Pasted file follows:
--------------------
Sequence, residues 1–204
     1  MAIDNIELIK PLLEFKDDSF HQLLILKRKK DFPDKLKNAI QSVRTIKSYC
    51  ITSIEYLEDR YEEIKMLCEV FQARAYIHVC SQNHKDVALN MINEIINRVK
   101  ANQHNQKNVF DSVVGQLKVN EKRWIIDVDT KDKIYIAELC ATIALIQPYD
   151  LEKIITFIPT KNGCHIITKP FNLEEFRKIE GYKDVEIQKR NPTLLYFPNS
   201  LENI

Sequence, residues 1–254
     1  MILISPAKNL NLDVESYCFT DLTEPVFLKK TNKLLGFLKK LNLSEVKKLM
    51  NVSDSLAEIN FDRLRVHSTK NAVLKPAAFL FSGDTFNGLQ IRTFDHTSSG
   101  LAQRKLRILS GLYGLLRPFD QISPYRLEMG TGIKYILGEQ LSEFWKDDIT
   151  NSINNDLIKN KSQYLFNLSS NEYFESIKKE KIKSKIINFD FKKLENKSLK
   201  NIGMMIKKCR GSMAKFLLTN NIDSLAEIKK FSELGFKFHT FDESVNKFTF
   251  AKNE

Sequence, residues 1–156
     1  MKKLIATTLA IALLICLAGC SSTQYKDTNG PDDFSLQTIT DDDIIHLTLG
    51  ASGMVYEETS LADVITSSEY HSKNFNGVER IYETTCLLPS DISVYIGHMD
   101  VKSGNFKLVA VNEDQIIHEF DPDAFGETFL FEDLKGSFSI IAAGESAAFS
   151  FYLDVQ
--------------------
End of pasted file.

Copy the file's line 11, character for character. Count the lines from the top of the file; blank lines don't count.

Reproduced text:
   151  NSINNDLIKN KSQYLFNLSS NEYFESIKKE KIKSKIINFD FKKLENKSLK